Is US$185,000 the right price for a single generic top-level domain? No, it’s definitely not. If a gTLD is supposed to provide worldwide exclusive use of a name identity with unlimited sub-name-brand-extension-domains, this amount is insufficient for ICANN to add critical features to the same application process.
A gTLD is like buying a powerful car engine and being given a list of body makers, mechanics and tire shops for optional fitting. That’s the way it was before the revolutionary assembly lines were formed to build Model T’s. Now, a century later, we are standing at production lines for unassembled gTLDs, while cyberhighways await the grand race of those magnificent folks and their high-flying name identities.
The $185,000 price tag is very modest. Current global advertising expenditures run well over US$500 billion annually worldwide. There are far too many organizations spending tens of millions monthly to keep their main name identity visible.
ICANN could have easily offered a full-blown million dollar “hassle-free turnkey global cybername identity solution” package with all the streamlined functionality so necessary in this new frontier. Instead, it is fragmented into different areas where overly protective disciplines seem to prevent this new mechanism from becoming fully mobile.
A rush application based on a grand and novel idea with a snazzy name could backfire or miss out due to some obscure technicality or miscalculation. Without a multidisciplinary and unified focus, the risk of error is too high.
Whole Brain or Split-Brain Thinking?
Brilliant technical and legal minds often become entangled in the hardwiring of left- and the right-dominated brains. Concepts and discussions are either couched in marketing-driven language or techno-legal jargon, leading to crisscross confusion. Establishing protective arenas only creates trepidation among real decision makers.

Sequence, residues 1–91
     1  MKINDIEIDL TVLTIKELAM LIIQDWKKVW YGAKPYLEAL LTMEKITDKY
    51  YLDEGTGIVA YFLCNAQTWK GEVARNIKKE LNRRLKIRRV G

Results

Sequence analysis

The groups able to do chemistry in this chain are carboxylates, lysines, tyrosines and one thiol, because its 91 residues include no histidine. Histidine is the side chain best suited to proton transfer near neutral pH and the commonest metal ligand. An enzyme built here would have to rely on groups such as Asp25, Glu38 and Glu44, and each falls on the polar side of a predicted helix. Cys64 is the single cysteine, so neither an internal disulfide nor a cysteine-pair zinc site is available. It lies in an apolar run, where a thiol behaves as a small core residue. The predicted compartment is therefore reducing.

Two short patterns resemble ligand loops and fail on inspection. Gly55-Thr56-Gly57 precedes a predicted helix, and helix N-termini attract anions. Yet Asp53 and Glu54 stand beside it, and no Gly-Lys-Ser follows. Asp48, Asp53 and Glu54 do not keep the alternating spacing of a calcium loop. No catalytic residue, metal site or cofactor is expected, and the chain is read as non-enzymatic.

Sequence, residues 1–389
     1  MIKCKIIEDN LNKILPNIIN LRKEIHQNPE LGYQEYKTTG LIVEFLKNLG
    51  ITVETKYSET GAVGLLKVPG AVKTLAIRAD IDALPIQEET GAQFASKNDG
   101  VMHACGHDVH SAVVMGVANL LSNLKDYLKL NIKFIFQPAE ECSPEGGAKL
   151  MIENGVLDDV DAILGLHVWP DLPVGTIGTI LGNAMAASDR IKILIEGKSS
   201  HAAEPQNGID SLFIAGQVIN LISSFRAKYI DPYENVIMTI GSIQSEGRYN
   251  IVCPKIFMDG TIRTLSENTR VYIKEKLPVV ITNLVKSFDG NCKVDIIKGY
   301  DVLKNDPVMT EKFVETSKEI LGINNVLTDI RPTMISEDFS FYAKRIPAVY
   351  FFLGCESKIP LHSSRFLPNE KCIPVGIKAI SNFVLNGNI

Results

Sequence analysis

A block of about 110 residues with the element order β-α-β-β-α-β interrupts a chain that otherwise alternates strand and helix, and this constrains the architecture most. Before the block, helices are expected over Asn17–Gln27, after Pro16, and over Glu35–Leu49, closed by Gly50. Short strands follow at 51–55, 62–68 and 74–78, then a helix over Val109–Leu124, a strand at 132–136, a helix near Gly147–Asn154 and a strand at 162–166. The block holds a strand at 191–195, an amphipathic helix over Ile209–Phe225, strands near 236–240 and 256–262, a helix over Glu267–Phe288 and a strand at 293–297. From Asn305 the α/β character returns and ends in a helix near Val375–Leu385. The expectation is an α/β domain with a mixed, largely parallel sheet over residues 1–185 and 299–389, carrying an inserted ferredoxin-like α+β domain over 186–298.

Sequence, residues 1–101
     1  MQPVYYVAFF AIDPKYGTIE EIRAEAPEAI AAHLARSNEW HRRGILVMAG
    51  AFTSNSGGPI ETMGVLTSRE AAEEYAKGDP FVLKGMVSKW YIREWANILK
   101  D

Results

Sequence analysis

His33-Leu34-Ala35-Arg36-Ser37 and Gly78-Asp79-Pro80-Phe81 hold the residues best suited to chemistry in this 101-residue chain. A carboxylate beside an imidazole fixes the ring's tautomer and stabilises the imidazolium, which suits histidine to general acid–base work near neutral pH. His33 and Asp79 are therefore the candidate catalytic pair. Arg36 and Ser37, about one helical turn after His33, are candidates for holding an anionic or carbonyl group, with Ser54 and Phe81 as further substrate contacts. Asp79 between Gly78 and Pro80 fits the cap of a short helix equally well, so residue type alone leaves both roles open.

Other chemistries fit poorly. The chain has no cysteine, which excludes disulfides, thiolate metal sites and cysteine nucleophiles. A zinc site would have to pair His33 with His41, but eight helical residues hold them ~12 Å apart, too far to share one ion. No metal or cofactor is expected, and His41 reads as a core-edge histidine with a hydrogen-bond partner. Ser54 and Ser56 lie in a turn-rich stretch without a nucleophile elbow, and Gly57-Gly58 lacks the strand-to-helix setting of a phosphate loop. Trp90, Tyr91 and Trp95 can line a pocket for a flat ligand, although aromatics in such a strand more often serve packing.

The law firms and domain registries are posturing for power to fill the vacuum, but their disconnects with marketability are too obvious. The domainers have already earned their stripes on the easy-come-almost-free domain names, but in this marathon they are boldly working for it — there will be spectacular successes and some catastrophic failures.
Most importantly, ICANN is releasing the updated New TLD Applicant Guidebook with a new website is and soon to launch its advertising campaign.
Undoubtedly, the markets are seeking bold leadership, with clarity and comprehensive understanding. The big question is will all these special skills intertwine to complete the circle, or will they obscure the goal by creating more smoke?
One Internet, One World
Those stuck in old domain name mentalities see the $185,000 cost as very expensive — the equivalent of buying 18,000 domains. However, the neo-cyberbranding model sees this as no different from the cost of a bubbly TV ad commercial that gets pulled within days for some politically incorrect message.
There are all kinds of other routine mega expenditures — like running a dozen full page ads in cities around the world to make an impact for a single day, or a logo-slogan-branding remake exercise — and let’s not forget the frequently allocated million-dollar budgets for fighting losing trademark battles over mediocre names.
If the gTLD platform is supposed to be the most powerful cyberbranding and name identity fortification tool, something is lacking in the market positioning of the concept. Unfamiliarity among agencies and brand holders is the most serious issue. Unless both the gist and depth of the entire program are well understood and teams carefully calibrated, it could fail to germinate.
On the other hand, due to tight timelines and the limited number of players allowed, the anxiety level to compete could rise suddenly. For every single successful example, there could be dozens of players ready to join from countries around the world. This would create hypervisibility of gTLD concepts, with colorful interactions and a variety of new ideas, markets and languages. There would be a race to champion name identities on the platform of one Internet and one world.
For now, gTLD ownership offers the cheapest and fastest tool to create global cybername identity domination in the marketplace.